That is, the pagan philosopher Phlegon, who wrote from the 120s to 137 A.D. using Roman records available at the time to research his Olympiads and write into 16 books that data, confirms Matthew 28's own account as accurate from the Roman records themselves; finding these tidbits as note-worthy historically true trivia, as he passes by on dealing with the 202nd Olympiad.   This is among many interesting facts that anti-Christians having anti-Christian agendas don't want you to know. 

Did Michael the Syrian add the part about the resurrected dead cursing the living? Hard to say. But if one went to Hell  and came back, even if just resurrected (to live a year years more) and found religious works a deception from true faith pushed on them by greedy religious leaders...then, surely, it is NOT an anti-Semitic (but rather a human) flavor being added because as Jews themselves they cursed their religious leaders for holding back the saving message of the Salvation and Redemption of G-D from them and all other Jews.   It was the same for the poor ancient Jews who were victims of their rabbis and Sanhedrin as modern Christians are often taken by greedy certain tele-evangelists and pastors of their own Churches who use the purse-strings of their Church to accumulate houses and lands for themselves, irregardless of the Law or accountability either here or before G-D in the world to come.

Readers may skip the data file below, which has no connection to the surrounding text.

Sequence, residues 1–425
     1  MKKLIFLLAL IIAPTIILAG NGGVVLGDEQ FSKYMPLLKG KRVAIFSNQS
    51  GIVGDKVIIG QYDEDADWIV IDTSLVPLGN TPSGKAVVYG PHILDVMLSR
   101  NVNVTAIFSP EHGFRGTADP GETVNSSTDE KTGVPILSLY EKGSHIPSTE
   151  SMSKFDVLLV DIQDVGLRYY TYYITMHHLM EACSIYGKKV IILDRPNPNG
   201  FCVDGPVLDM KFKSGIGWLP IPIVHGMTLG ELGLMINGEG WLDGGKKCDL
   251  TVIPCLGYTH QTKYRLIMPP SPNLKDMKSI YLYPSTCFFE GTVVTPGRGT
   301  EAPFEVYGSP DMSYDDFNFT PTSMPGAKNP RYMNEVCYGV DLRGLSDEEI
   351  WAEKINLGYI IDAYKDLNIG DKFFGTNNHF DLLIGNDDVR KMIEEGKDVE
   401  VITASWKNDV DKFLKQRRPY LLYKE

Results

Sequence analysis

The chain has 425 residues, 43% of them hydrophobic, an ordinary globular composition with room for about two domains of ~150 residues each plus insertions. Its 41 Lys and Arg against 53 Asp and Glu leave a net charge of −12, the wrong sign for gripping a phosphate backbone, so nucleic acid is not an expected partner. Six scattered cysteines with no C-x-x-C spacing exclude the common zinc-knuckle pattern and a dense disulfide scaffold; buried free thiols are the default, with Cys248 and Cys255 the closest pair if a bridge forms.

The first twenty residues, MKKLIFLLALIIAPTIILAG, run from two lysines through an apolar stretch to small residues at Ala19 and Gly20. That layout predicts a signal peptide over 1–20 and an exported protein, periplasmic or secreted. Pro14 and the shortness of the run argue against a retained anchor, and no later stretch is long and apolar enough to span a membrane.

In Jesus’ ministry, the NASA software designates there were at least two lunar total eclipses:

       1)     December 20, 28 A.D. between 1:27 to 3:07 pm, Jerusalem time.

       2)    June 14, 29 A.D. between 9:01 -9:47 pm, Jerusalem time

Oddly enough, the December 20 total eclipse is about 15 months and 3 days prior an ancient testified day for March 23, 30 A.D. being both the 14th of Nisan until sunset, and the day Christ was Crucified. 

According to NASA (i.e., their software as it stands at present),  there were allegedly no solar  total eclipses during any Passover around the time of Jesus' Crucifixion, and show a closest date as November 24, 29 A.D. from 9:22 am to 12:12 pm.

That is 119 days and 3 hours too early, and had the times been 12:22 to 3:12 pm, on March 23, 30 A.D., this too would have been a perfect alignment with the Gospel accounts and ancient historians (like Thallus in 52 A.D. claiming the same happening at the Cross and affecting Rome also, was a predictable eclipse). But with the Gospels and the Book of Acts, we have a testimony of a joint total eclipse of both the sun and the moon at the same time…the sun being black as sackcloth and the moon looking like it turned to blood.